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Board # 135 : “I AM an engineer!” Three Scales used in Measuring Identification of Engineering as First-Year Students

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2017 ASEE Annual Conference & Exposition


Columbus, Ohio

Publication Date

June 24, 2017

Start Date

June 24, 2017

End Date

June 28, 2017

Conference Session

NSF Grantees Poster Session

Tagged Topic

NSF Grantees Poster Session

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Paper Authors


Kristi J. Shryock Texas A&M University

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Dr. Kristi J. Shryock is an Associate Professor of Instruction in the Department of Aerospace Engineering at Texas A&M University. She received her BS, MS, and PhD from the college of engineering at Texas A&M. Kristi works to improve the undergraduate engineering experience through evaluating preparation in mathematics and physics, incorporating non-traditional teaching methods into the classroom, and engaging her students with interactive methods.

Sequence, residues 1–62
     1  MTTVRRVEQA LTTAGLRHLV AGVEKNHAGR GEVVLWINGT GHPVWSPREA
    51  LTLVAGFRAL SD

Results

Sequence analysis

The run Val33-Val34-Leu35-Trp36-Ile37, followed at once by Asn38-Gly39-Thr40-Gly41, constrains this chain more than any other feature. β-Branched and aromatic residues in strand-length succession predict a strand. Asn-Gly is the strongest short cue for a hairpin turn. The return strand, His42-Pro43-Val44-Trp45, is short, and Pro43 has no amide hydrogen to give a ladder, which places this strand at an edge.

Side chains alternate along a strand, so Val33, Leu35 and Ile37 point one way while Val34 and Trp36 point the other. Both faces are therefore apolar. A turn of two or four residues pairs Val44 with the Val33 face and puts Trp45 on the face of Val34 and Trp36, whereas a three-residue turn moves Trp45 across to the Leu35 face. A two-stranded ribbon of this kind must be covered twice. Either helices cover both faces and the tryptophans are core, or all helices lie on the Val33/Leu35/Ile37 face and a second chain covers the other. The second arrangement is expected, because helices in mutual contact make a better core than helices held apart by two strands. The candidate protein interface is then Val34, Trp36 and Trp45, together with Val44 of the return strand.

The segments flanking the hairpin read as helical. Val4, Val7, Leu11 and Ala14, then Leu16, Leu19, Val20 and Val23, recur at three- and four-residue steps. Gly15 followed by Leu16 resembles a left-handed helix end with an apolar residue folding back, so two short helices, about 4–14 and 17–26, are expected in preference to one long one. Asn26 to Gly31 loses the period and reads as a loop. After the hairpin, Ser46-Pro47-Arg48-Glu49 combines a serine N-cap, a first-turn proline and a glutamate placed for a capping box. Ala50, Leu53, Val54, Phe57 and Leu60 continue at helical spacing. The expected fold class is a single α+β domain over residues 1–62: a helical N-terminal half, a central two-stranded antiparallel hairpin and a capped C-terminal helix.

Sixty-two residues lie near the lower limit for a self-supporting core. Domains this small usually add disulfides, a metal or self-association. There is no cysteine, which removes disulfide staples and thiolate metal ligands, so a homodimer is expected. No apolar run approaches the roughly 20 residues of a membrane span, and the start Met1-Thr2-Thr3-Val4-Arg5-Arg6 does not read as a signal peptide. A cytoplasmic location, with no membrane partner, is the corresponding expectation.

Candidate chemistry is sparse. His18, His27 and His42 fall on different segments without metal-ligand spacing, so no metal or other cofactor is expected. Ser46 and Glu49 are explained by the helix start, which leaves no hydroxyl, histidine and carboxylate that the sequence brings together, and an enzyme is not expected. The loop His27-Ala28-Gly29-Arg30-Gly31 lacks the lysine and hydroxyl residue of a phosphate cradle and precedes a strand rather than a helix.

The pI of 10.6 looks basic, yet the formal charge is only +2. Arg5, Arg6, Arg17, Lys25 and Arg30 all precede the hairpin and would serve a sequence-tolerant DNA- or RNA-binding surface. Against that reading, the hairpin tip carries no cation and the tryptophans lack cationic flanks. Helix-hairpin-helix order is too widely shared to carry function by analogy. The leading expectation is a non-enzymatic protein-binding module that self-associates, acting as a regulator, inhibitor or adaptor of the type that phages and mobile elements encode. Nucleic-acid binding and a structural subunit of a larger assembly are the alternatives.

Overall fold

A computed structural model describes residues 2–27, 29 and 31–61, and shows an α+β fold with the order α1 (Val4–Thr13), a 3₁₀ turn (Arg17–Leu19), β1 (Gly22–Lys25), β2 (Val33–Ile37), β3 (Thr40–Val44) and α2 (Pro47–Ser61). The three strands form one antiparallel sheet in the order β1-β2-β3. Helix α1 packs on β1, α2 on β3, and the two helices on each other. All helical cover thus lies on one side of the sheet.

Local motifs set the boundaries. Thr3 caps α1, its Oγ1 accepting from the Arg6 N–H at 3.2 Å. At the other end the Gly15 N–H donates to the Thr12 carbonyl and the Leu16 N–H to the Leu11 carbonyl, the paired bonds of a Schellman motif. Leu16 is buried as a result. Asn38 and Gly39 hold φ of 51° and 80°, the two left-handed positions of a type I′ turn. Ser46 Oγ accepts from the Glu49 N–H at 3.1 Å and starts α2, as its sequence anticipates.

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Jeffrey E. Froyd Texas A&M University Orcid 16x16

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Dr. Jeffrey E. Froyd is a TEES Research Professor in the Office of Engineering Academic and Student Affairs at Texas A&M University, College Station. He received the B.S. degree in mathematics from Rose-Hulman Institute of Technology and the M.S. and Ph.D. degrees in electrical engineering from the University of Minnesota, Minneapolis. He was an Assistant Professor, Associate Professor, and Professor of Electrical and Computer Engineering at Rose-Hulman Institute of Technology. At Rose-Hulman, he co-created the Integrated, First-Year Curriculum in Science, Engineering and Mathematics, which was recognized in 1997 with a Hesburgh Award Certificate of Excellence. He served as Project Director a National Science Foundation (NSF) Engineering Education Coalition in which six institutions systematically renewed, assessed, and institutionalized innovative undergraduate engineering curricula. He has authored over 70 papers and offered over 30 workshops on faculty development, curricular change processes, curriculum redesign, and assessment. He has served as a program co-chair for three Frontiers in Education Conferences and the general chair for the 2009 conference. Prof. Froyd is a Fellow of the IEEE, a Fellow of the American Society for Engineering Education (ASEE), an ABET Program Evaluator, the Editor-in-Chief for the IEEE Transactions on Education, a Senior Associate Editor for the Journal of Engineering Education, and an Associate Editor for the International Journal of STEM Education.